Through machine tool evaluations, DaimlerChrysler had only those machines that needed it rebuilt to handle a new automotivetransmissionpump-design.
U.S. Equipment redesigned palletized tombstones to accommodate a new transmission-part size and correct deficiencies that caused diaphragm cracking.
DaimlerChrysler was machining 150,000 pump housings/yr for an electronic, four-speed automatic, rearwheel-drive transmission using a line that included nine automated and palletized HMCs and two vertical turning centers. Unfortunately, the housing design changed, making the part 5 lb heavier and 2 in. longer with a tighter tolerance of 1.67 Cpk.
To run the new parts, the company had to reprogram the machine tools, install new cutting tools, and develop workholding fixtures for the HMCs on twosided tombstones and chucks for the turning centers. But the most important part of getting the line running was to make sure the machines could meet the moreprecise tolerances.
Rather than retool the line and then find out that machines couldn't meet tolerances, the company worked with U.S. Equipment Co., which proposed evaluating the HMCs' and turning centers' capabilities relative to the process and statistical-runoff requirements. This would allow it to repair and rebuild only where necessary to meet customer requirements instead of completely rebuilding each machine. The evaluations and not having to rebuild all machines saved $1.5 million for the new part changeover.
Evaluations included static, dynamic, and load (circle, diamond, square) tests for each machine to establish its baseline condition. For static tests, U.S. Equipment examined axes for backlash, positioning, and repeatability as well as machine alignment. Also checked were power-supply output, servomotor-drive electrical data, and each CNC's functions. The company then checked the high-speed automatic toolchagers.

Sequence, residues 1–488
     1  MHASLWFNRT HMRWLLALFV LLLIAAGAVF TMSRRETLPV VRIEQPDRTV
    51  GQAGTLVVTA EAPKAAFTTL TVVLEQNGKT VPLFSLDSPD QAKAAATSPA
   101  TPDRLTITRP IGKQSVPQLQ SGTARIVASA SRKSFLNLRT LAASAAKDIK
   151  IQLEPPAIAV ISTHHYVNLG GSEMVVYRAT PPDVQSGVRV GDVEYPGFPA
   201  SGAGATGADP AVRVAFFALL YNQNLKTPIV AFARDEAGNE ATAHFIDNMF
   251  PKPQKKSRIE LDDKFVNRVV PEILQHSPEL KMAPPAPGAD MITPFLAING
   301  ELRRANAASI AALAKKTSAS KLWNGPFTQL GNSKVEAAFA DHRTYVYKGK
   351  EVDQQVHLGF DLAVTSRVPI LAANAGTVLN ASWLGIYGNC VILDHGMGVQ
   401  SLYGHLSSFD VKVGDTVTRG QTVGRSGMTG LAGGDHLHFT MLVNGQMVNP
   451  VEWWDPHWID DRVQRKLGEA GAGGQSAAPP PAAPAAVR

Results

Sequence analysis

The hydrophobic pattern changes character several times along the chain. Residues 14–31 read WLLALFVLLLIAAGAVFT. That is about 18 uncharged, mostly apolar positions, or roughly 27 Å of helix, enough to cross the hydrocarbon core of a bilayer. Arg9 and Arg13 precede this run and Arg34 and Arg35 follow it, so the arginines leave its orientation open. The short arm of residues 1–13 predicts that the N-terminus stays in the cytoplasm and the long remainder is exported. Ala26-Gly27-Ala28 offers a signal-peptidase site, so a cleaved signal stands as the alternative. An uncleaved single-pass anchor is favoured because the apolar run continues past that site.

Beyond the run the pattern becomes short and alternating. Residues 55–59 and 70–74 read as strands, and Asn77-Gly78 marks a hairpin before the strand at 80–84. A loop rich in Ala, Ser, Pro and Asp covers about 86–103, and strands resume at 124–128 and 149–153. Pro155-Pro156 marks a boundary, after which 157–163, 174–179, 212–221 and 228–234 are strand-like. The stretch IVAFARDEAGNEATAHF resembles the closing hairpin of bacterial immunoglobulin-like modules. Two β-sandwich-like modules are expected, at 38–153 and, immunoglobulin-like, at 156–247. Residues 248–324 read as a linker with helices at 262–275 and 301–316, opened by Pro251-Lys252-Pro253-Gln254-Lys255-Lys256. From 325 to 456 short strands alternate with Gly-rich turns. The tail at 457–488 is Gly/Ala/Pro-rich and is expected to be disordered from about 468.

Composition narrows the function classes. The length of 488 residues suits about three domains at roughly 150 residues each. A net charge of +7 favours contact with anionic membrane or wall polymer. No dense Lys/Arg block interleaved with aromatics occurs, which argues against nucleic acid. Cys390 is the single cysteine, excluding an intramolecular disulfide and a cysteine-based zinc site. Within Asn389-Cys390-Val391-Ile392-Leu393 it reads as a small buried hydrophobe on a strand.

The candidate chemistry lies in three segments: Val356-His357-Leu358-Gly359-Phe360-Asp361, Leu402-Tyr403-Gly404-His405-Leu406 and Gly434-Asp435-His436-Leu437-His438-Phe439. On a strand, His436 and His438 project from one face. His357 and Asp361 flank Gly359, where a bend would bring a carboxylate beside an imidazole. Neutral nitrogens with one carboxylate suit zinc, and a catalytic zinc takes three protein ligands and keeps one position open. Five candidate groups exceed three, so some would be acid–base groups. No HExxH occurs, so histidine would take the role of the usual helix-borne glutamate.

For dynamic testing, the company conducted vibration analyses to measure frequency response and amplitude through speed ranges, spindles, motors, and pumps, while also inspecting hydraulic pumps for vibration, noise, output, and leakage. Testing then involved evaluating electrical motors for smooth operation and quietness and machine cutting repeatability and accuracy.
In other examinations, U.S. Equipment examined lubrication, coolant, and filtration systems; visually checked hydraulic hoses, electrical cabling, power tracks, push-button panels, and overall cleanliness; and inspected main hydraulic pressure and all electrical peripherals.
"We found from the machine tool evaluations that the HMCs were basically in good condition," reports Paul Simon, president of U.S. Equipment. "However, one spindle had been crashed prior to the shutdown and needed replacing. Another required realigning. In addition, many machines needed preventative maintenance, and because of a contaminated air supply at the facility, we installed dryers on the machines and flushed and recharged the spindles." The company also installed Renishaw probe systems on six of the nine HMCs.
The evaluation also found six of the line's workstations (two/cell) were underdesigned and so loose in their tolerances from wear that when the AGV set tombstone pallets on them the pallets wouldn't seat properly on four positioning cones.
Because of this, workset stations weren't accurately receiving the tombstones from the HMCs, causing faults with the machine cell.
The palletized tombstones used hydraulic-diaphragm chucks to clamp parts. During the rebuild and changeover, U.S. Equipment redesigned them to accommodate new parts and correct deficiencies causing diaphragm cracking. After redesigning the first chuck, the company simulated workholding and ran it over 150,000 cycles to make sure the new diaphragm material was flexible enough.
Each VMC in the line was out of square and no longer met OEM specs. They needed complete rebuilding, which was done at U.S. Equipment's facility. Also, a washer in the line was repaired and reconfigured for the new parts and a CMM was recalibrated and reprogrammed.
"We wrote new programs and provided three sets of toolholders and perishable tooling," adds Simon. "The tool pockets still functioned and were reused, and we provided program management and application engineering that included the processing, cycle times, programs, and runoff with program debugging."
U.S. Equipment Co.